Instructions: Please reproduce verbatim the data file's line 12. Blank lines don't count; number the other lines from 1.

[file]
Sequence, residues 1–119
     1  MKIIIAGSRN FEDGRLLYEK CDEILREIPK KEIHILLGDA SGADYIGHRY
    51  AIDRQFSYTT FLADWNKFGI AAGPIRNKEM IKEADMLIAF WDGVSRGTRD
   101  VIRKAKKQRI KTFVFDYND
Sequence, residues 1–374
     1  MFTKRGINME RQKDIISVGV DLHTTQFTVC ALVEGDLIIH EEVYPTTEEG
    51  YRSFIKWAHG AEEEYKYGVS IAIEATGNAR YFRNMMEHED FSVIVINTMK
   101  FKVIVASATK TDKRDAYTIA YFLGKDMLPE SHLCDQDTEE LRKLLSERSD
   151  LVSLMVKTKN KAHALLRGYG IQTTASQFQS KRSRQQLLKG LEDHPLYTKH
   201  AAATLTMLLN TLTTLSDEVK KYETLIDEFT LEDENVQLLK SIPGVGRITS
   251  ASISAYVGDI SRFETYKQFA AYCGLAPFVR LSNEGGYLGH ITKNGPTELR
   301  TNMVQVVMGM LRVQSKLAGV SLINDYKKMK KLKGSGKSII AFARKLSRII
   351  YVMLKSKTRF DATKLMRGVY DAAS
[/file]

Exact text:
   301  TNMVQVVMGM LRVQSKLAGV SLINDYKKMK KLKGSGKSII AFARKLSRII